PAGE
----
Dayton, Ohio – Besides the well-known benefits of trees, such as improving soil and water conservation, storing carbon, modifying the local climate by providing shade, improving air quality, and having a positive impact on people’s health in general, surprisingly, a recent study conducted by a public policy company located in Columbus showed that planting trees may also have a beneficial effect on the state’s economy.
The percentage of land that is covered by trees in the City of Dayton is currently 29%. According to the information provided by Dayton officials, the ideal percentage of the city’s land covered by trees would be closer to fifty percent.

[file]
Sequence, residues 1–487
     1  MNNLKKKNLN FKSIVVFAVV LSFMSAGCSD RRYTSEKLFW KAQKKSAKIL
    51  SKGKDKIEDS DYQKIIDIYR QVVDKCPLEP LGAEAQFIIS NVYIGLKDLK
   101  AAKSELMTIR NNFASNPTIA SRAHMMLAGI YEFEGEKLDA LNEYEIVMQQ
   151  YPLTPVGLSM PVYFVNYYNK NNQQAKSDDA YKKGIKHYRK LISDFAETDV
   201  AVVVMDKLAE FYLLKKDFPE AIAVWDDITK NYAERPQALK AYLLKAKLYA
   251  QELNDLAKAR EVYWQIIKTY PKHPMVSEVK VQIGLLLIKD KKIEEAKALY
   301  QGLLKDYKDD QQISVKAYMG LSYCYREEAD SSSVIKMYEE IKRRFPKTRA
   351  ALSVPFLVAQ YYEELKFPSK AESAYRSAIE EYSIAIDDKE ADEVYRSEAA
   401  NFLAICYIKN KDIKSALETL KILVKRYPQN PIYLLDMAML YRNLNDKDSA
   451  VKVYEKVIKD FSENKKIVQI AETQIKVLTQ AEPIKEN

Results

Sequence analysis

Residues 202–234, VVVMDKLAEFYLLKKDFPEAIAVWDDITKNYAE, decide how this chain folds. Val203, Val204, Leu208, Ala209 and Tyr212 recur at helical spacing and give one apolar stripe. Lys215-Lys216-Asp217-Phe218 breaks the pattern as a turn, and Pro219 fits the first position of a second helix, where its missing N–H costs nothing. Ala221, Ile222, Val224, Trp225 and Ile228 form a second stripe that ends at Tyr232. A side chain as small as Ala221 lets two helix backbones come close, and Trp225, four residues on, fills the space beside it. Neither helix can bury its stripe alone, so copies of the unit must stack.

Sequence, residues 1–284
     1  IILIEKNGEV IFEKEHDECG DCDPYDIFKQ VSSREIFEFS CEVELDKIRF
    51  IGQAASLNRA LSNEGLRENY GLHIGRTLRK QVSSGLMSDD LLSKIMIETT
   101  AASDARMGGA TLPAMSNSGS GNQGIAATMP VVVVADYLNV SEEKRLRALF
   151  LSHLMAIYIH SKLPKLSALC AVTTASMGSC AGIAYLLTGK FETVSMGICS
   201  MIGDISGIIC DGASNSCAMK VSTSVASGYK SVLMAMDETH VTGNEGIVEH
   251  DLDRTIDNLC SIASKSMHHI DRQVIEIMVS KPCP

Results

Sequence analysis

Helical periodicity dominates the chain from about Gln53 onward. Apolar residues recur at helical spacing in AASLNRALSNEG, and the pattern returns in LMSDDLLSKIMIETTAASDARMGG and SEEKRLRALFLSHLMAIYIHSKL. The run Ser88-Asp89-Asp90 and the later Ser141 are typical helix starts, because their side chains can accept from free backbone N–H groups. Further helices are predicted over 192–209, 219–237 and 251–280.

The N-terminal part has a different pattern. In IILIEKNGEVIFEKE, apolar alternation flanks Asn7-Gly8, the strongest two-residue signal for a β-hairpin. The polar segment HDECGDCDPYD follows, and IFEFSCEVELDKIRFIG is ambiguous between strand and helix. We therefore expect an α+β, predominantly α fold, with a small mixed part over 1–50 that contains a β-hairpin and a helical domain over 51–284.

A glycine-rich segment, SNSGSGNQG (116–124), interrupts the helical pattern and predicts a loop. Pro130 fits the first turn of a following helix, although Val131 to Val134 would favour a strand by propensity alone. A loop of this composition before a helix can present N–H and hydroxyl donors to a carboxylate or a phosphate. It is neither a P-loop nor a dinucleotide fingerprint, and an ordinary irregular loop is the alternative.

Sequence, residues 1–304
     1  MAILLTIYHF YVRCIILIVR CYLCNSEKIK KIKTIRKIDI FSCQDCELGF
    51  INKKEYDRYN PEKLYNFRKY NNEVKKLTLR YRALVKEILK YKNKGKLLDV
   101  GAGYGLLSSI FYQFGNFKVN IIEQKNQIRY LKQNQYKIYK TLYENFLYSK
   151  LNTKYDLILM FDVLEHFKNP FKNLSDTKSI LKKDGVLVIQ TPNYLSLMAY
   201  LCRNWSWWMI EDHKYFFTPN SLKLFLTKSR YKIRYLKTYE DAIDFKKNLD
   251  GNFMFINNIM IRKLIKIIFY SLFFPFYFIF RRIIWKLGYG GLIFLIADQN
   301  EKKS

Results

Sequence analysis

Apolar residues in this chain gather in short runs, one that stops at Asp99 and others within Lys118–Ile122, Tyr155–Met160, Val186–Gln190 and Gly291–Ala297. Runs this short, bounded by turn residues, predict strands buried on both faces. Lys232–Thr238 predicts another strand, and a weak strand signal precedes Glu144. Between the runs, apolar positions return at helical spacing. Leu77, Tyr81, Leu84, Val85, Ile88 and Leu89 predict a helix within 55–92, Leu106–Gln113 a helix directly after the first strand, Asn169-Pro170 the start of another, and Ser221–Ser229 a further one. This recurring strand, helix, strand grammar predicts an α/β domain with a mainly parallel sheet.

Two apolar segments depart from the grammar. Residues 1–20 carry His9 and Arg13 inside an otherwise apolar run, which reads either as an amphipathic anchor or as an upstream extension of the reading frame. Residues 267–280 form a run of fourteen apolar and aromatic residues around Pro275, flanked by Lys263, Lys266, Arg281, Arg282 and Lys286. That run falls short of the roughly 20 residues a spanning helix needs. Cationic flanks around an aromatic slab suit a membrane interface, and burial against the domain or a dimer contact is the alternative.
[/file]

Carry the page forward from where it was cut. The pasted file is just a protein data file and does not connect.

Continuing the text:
The city of Dayton would have to spend $28 million to reach the ideal tree coverage in the city, according to the study conducted by the public policy company, Scioto Analysis.
Despite the fact that this is a substantial amount of money to be spent on planting trees, researchers from Scioto Analysis said that it is a great investment for the city and does pay off economically since they estimated that Dayton might get a net return of $7.4 million dollars.
This return would come from the economic benefit of preventing stormwater runoff, conserving energy, reducing air pollution, preventing crime, and sequestering carbon dioxide.
The director of public works for the city of Dayton, Fred Stovall, refused to comment on the city’s tree planting efforts.